In truth, she could have easily died. Anorexia has the highest mortality rate of any mental illness and somehow this doctor had failed to recognize the gravity of the situation.
At first I was angry about this incidences. But in my role as Executive Director for EDSNA, I've had the opportunity to chat with doctors, PCN nurses and dieticians. I realize that they have received very little (or no) training in eating disorders. It is a gaping hole in our medical training and hopefully something that can address.
EDSNA has submitted a proposal to the Field Law Community Fund for a one-day symposium to help share best practices. You can learn more about this idea and VOTE for our proposal by visiting:
In the meantime, it's important for parents and caregivers to be armed with knowledge. As part of the Children's Mental Health Symposium, I will be giving a webcast presentation on June 16, which is free and will be available all across the province. In it, I will touch on ways to work with health care professionals and provide a step by step guide for that first doctor's appointment. It is free and you can sign up here.
If you are a healthcare professional wanting to learn more, I highly recommend this video, created by the American Medical Association on the role of the primary care doctor in screening for and being informed about eating disorders. All healthcare professionals and parents should know about the SCOFF Questionnaire. It's a simple screening tool which has been proven 100% effective in screening for bulimia and anorexia.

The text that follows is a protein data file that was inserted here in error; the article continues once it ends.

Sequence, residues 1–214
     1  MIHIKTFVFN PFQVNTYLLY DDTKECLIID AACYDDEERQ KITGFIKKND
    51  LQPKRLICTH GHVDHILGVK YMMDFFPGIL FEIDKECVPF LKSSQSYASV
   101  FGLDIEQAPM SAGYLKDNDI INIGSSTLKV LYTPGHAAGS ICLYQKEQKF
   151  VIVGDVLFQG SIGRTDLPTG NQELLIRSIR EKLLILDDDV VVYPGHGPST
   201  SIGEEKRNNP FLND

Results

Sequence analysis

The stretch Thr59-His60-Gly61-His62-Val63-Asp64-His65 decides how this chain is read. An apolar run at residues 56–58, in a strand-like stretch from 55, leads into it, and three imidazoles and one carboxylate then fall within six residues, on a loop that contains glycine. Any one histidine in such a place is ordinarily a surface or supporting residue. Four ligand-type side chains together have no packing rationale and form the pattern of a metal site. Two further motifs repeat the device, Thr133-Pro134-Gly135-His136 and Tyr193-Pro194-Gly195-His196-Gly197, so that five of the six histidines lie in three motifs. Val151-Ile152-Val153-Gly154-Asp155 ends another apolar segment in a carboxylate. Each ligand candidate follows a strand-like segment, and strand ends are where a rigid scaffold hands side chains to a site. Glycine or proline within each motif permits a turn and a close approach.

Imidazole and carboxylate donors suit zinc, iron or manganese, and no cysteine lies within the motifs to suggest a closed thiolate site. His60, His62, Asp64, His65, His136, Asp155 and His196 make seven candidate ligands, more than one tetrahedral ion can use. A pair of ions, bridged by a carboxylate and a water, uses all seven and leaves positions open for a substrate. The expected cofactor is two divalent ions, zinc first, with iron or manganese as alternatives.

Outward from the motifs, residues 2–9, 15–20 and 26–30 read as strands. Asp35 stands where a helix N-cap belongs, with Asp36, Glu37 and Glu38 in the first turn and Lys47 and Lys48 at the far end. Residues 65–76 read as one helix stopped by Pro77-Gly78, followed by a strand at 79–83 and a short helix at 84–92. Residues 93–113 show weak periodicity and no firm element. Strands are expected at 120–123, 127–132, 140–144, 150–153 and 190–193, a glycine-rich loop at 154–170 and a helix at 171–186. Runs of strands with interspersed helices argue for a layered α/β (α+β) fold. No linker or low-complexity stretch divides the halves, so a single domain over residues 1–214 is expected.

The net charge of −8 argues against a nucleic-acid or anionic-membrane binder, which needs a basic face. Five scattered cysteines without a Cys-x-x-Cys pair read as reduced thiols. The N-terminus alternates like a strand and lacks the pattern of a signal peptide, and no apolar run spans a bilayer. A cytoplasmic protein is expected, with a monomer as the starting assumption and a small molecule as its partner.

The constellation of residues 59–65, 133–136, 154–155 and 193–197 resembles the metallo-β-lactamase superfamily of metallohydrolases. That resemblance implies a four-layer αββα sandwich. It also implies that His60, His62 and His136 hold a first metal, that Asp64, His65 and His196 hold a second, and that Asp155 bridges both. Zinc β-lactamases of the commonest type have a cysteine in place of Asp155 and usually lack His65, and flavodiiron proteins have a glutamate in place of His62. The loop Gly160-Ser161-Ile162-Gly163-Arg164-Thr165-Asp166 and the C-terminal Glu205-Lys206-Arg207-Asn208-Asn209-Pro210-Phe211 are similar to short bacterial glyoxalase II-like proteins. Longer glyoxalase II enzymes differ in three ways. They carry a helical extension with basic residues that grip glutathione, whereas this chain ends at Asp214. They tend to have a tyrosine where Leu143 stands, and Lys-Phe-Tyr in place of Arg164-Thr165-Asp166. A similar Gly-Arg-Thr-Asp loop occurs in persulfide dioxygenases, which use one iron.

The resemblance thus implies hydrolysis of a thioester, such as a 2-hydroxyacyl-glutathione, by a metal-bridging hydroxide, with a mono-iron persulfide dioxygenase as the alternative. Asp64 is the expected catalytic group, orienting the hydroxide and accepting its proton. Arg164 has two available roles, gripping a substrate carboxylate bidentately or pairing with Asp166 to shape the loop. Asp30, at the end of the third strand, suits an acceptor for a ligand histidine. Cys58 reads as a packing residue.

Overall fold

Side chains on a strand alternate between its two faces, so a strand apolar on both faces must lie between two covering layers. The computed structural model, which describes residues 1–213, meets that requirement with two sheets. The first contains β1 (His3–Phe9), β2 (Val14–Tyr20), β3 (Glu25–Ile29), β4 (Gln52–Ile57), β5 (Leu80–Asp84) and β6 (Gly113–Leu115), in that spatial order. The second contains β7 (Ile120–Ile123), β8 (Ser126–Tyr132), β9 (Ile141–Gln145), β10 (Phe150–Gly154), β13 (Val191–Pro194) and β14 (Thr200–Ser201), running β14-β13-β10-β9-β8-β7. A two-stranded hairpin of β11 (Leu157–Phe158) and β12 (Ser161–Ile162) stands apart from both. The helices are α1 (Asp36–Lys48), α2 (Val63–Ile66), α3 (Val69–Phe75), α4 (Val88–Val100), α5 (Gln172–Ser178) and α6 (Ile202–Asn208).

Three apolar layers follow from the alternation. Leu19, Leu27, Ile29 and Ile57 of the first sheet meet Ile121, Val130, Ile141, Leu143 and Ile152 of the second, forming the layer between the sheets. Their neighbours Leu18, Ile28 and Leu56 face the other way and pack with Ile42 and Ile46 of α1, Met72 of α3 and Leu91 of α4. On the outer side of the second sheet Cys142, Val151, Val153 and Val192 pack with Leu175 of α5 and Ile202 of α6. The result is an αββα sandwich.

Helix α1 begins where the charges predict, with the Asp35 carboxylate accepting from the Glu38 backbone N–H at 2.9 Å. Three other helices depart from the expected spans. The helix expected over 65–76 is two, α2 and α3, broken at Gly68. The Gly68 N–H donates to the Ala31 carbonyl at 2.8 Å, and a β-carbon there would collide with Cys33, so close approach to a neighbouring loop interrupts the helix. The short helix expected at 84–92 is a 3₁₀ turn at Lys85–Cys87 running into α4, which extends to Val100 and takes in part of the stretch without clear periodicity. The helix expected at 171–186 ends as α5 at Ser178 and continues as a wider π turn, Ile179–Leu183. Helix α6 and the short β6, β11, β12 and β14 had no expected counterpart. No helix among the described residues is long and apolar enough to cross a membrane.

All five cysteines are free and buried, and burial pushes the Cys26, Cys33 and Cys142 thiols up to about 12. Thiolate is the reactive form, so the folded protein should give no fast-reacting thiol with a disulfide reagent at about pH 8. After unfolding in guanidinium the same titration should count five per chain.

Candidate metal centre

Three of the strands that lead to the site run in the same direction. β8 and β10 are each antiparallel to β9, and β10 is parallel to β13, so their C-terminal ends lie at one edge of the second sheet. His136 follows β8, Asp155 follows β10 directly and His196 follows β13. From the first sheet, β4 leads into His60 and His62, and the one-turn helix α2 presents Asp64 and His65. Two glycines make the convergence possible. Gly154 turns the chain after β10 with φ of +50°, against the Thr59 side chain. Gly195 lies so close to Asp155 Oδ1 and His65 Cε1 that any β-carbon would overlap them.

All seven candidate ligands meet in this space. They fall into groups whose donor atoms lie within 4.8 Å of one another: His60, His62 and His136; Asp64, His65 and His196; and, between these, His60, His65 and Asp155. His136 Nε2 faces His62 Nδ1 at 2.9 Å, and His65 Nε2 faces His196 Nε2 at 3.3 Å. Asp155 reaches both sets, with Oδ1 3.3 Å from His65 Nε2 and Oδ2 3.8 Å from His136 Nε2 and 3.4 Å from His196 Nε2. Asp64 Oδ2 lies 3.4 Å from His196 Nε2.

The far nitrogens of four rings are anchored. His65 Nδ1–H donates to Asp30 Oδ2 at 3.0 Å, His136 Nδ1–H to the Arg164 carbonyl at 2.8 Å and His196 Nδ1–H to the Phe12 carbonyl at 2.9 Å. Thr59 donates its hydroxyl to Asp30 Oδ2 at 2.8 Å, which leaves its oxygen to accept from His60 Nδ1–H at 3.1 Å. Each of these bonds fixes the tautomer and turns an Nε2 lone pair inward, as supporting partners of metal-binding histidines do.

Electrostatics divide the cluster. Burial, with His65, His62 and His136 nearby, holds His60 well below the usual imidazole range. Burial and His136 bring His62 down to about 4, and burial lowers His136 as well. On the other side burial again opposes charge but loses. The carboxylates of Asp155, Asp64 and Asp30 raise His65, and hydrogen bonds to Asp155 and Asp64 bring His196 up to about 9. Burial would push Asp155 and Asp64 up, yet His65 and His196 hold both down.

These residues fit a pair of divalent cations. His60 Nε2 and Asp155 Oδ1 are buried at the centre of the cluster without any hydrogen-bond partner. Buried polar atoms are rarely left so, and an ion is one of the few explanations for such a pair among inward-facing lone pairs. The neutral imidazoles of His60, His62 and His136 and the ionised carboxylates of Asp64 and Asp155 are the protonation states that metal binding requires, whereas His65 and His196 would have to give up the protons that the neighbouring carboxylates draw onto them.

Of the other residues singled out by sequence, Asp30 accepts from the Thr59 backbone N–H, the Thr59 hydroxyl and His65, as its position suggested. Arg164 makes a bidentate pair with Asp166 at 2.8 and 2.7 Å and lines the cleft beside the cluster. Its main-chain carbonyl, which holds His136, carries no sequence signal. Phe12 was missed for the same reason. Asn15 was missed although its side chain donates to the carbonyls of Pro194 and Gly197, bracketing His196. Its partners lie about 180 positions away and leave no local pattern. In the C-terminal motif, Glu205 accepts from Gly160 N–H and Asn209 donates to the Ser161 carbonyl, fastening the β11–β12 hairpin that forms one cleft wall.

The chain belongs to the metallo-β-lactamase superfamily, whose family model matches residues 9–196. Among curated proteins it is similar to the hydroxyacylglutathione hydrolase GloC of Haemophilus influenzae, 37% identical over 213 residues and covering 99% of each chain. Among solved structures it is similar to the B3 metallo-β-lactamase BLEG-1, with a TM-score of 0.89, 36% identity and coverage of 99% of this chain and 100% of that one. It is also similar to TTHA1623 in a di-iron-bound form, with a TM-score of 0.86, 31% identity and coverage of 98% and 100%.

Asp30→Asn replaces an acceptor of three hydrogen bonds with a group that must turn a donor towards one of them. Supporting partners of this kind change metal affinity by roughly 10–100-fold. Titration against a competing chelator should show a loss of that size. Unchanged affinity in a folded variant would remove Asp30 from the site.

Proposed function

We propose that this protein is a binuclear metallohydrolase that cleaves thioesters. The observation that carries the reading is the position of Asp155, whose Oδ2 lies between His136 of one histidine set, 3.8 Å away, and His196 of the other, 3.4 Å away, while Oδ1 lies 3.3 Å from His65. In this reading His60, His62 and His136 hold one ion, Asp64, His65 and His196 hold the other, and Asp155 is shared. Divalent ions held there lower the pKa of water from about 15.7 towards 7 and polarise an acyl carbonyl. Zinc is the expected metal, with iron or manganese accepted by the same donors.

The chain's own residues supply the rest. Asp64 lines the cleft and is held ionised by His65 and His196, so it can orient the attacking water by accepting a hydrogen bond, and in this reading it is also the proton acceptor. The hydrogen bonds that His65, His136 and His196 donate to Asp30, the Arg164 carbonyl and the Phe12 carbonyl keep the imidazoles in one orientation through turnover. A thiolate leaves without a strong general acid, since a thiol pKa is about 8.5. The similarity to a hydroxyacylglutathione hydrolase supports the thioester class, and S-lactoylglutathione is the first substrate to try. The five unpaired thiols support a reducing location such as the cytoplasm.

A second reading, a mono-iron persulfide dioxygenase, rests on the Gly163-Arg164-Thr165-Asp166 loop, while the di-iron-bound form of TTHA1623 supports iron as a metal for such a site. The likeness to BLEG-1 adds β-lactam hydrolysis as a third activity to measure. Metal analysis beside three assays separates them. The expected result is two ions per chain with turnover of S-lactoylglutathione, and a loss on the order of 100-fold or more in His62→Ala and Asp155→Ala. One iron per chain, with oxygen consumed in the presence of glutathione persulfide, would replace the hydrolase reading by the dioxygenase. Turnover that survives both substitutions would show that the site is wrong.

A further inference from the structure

When healthcare professionals and families work together, we can all shed more light on eating disorders.
Writing Book of Hope was a journey of understanding. I started blind, scared, rigid and defiant. By the time it was published my eyes were open, my panic had subsided and my heart was much softer. I was so grateful to have the guidance of those families, a little further down the path, saying, "Come on, this way, you can do it." They reassured me that there was indeed light at the end of the tunnel, even if I could only see it as a pinprick.
As a way to thank them for their generosity and courage, I now work for Eating Disorder Support Network of Alberta (EDSNA) which aims to support people affected by eating disorders through every stage of recovery.
At EDSNA, we offer words of encouragement.
We build safe places to share without judgment.
We offer solid information to help people find their footing.
We offer hope.
Because recovery is possible.